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American Institute of Aeronautics and Astronautics

    FOR IMMEDIATE RELEASE
    CONTACT: John Blacksten
    703.264.7532
    johnb@aiaa.org

     

    DEMAND for UNMANNED Symposium to Highlight Present and Future
    Unmanned Aerial Systems and Autonomous Technology
    Unmanned Aerial Systems, Autonomous Systems and Technology, and the Intelligent Autonomous Systems Roadmap
    Among Discussion Points

    May 18, 2016 – Reston, Va. – The American Institute of Aeronautics and Astronautics (AIAA) will hold its DEMAND for UNMANNED symposium on June 15–16 at the Washington Hilton, Washington, D.C. Held in conjunction with the AIAA Aviation and Aeronautics Forum and Exposition (AIAA AVIATION 2016), the symposium will examine the emergence of unmanned aerial systems (UAS), how they are creating demand for advances in autonomy, robotics, and machine intelligence, and how they are changing the nature of civil and military aviation.

    Topics of discussion for the symposium include: the impact of UAS on aviation; invention, entrepreneurship and UAS; perspectives on the future of autonomous systems and technology; technology roadmaps for intelligent autonomous systems; transformation in the national airspace system; and overviews of the FAA’s Center of Excellence for UAS Research and NASA’s development of a UAS traffic management system.

    “I am excited about the future of UAS and autonomous systems as they represent the next big step in revolutionizing flight technology. However, they are still in their infancy today,” said Richard Wlezien, a member of the DEMAND for UNMANNED’s Steering Committee and Vance and Arlene Coffman Endowed Department Chair of Aerospace Engineering at Iowa State University, Ames, Iowa, and director of the Iowa Space Grant Consortium at Iowa State University. “UAS and autonomous systems will soon be in wide use, but we can only get to that stage through continuous discussion about the technologies and how best to evolve and implement them. This is what makes DEMAND for UNMANNED such an important event—it provides a venue for academia, government, and industry representatives to have the timely conversations necessary to begin to safely and quickly integrate these systems into our national airspace and society at large. We have a lot of work to do before these systems reach their full potential, and this symposium marks a critical step in that direction.”

    DEMAND for UNMANNED for the symposium include: Dallas Brooks, director, Raspet Flight Research Laboratory, Mississippi State University and co-chair, FAA/DoD/NASA/DHS Unmanned Aircraft System (UAS) Science and Research Panel; John-Paul Clarke, professor, Daniel Guggenheim School of Aerospace Engineering, and director, Air Transportation Laboratory, Georgia Institute of Technology; Mary Louise “Missy” Cummings associate professor, Department of Mechanical Engineering and Materials Science, and director, Humans and Autonomy Laboratory, Duke University; Michael S. Francis, chief, Advanced Programs and senior fellow, United Technologies Research Center; Parimal H. Kopardekar, manager, Safe Autonomous System Operations Project, and principal investigator, Unmanned Aerial Systems Traffic Management, NASA Ames Research Center; John S. Langford, chairman and chief executive officer, Aurora Flight Sciences Corporation; and Maj. Gen. James Poss (U.S. Air Force, retired), executive director, Alliance for System Safety of UAS through Research Excellence.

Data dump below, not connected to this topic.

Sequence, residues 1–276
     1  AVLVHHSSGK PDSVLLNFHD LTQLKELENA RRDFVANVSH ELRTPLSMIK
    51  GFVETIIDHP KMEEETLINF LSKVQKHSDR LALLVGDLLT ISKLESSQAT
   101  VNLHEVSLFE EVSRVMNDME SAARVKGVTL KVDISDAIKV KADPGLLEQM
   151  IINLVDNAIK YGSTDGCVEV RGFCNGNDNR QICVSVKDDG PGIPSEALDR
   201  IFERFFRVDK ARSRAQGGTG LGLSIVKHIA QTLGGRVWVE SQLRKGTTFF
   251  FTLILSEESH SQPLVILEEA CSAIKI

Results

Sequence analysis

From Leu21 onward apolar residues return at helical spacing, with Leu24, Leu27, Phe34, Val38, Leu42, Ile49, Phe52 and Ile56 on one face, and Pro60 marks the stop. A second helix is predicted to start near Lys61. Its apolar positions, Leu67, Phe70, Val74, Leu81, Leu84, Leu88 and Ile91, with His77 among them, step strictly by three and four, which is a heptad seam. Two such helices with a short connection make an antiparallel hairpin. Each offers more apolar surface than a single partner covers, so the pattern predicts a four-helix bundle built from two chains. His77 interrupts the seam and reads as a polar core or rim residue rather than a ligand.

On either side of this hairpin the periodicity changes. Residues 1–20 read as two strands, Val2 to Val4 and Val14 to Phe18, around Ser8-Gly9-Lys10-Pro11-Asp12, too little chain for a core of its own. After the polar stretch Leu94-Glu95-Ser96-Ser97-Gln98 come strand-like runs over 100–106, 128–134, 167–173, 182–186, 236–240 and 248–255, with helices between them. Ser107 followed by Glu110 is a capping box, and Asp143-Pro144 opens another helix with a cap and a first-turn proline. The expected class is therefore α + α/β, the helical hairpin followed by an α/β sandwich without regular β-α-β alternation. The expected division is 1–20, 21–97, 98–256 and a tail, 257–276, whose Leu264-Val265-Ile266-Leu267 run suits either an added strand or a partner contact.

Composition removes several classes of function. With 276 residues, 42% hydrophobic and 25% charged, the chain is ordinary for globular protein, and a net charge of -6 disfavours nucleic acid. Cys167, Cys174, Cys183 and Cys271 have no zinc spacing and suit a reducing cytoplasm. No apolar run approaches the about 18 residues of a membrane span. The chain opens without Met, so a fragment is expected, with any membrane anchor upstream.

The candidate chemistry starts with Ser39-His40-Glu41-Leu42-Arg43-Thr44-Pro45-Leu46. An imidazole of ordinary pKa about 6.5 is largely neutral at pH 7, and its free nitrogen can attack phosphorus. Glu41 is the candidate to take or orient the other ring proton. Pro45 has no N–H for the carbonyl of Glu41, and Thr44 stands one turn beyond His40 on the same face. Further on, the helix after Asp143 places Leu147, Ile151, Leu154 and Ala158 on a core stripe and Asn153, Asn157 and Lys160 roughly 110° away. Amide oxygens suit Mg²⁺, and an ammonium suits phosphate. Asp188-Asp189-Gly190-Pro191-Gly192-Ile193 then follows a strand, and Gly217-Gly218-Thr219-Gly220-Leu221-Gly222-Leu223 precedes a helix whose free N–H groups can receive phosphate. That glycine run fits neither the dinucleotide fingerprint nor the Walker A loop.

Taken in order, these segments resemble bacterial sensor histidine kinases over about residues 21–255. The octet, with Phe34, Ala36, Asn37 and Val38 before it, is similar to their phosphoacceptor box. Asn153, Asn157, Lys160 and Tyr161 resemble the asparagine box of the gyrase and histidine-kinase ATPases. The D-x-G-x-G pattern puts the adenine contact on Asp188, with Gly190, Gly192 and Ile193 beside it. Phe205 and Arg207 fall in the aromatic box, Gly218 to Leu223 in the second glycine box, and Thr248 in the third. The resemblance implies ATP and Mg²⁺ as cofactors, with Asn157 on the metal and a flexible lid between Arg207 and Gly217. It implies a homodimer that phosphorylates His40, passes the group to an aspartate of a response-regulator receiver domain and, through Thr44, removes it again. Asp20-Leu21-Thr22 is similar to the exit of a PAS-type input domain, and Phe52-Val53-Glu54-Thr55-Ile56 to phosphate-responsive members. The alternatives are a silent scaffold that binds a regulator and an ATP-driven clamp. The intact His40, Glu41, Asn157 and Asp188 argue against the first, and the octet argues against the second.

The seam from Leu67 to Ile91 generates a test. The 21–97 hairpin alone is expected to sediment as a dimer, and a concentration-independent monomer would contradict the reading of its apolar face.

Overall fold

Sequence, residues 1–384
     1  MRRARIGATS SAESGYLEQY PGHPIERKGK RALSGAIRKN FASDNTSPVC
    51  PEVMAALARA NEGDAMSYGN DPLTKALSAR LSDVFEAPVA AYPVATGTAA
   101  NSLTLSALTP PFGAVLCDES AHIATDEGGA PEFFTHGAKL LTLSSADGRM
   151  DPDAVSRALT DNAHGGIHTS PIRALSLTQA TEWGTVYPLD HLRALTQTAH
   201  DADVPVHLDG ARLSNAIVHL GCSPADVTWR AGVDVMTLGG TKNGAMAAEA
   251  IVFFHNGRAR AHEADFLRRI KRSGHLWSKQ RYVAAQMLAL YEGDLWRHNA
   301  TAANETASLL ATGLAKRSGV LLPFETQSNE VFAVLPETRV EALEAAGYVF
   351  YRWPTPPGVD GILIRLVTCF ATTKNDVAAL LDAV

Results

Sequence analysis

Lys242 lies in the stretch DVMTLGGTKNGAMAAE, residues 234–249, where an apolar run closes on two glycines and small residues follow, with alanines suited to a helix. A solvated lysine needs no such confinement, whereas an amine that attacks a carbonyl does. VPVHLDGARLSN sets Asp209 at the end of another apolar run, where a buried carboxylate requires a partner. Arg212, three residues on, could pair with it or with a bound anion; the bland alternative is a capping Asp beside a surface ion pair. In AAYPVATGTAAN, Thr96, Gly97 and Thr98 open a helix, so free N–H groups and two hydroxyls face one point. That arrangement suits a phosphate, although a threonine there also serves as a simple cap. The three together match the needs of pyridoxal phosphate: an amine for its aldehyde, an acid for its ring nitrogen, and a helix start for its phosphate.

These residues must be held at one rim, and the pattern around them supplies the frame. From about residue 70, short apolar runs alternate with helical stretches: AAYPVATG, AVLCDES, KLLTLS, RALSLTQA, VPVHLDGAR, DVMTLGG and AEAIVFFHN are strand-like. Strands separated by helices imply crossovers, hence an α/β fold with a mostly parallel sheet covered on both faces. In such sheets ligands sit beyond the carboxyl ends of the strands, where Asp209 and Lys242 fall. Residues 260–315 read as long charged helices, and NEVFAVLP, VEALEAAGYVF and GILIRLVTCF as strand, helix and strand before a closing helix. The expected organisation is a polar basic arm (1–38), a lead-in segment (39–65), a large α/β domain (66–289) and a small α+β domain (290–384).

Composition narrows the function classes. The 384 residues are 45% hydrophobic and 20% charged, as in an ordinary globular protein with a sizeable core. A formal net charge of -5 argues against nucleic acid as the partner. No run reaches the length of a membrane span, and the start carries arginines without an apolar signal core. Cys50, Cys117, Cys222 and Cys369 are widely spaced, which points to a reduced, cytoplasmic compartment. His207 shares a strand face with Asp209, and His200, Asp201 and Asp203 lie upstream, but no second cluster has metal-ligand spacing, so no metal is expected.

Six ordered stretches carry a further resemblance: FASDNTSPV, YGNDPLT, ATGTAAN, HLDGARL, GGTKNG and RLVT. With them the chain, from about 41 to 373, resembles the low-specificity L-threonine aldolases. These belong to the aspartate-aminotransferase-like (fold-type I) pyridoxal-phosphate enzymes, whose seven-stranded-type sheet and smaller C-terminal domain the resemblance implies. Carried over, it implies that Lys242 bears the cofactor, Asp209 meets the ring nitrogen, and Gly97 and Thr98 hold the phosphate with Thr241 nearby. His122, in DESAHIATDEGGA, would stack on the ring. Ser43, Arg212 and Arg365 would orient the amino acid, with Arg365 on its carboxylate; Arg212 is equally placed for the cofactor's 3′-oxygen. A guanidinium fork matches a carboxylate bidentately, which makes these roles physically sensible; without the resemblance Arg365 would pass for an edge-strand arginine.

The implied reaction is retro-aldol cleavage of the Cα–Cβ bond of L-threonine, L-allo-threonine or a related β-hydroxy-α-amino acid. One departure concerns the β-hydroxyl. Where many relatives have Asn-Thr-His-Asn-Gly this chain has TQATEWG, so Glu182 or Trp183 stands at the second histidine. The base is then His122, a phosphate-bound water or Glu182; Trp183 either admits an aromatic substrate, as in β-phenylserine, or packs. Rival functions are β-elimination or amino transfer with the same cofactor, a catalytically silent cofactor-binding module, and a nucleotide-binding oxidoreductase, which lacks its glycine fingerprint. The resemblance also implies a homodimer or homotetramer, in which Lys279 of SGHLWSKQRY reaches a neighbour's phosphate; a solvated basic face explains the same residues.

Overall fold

On the evening of June 16, DEMAND for UNMANNED will also feature a student competition alpha test between teams from the University of Michigan, Ann Abor, Michigan; the University of Maryland, College Park; and McKinley Technology High School, Washington, D.C. Each team will use a UAV quadcopter in a two-part competition that will include autonomous control and manual flight skills.

     

    AIAA is the largest aerospace professional society in the world, serving a diverse range of more than 30,000 individual members from 88 countries, and 95 corporate members. AIAA members help make the world safer, more connected, more accessible, and more prosperous. For more information, visit www.aiaa.org, or follow us on Twitter @AIAA.


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    American Institute of Aeronautics and Astronautics
    12700 Sunrise Valley Drive, Suite 200, Reston, VA 20191-5807
    Phone: 703.264.7558 Fax: 703.264.7551 www.aiaa.org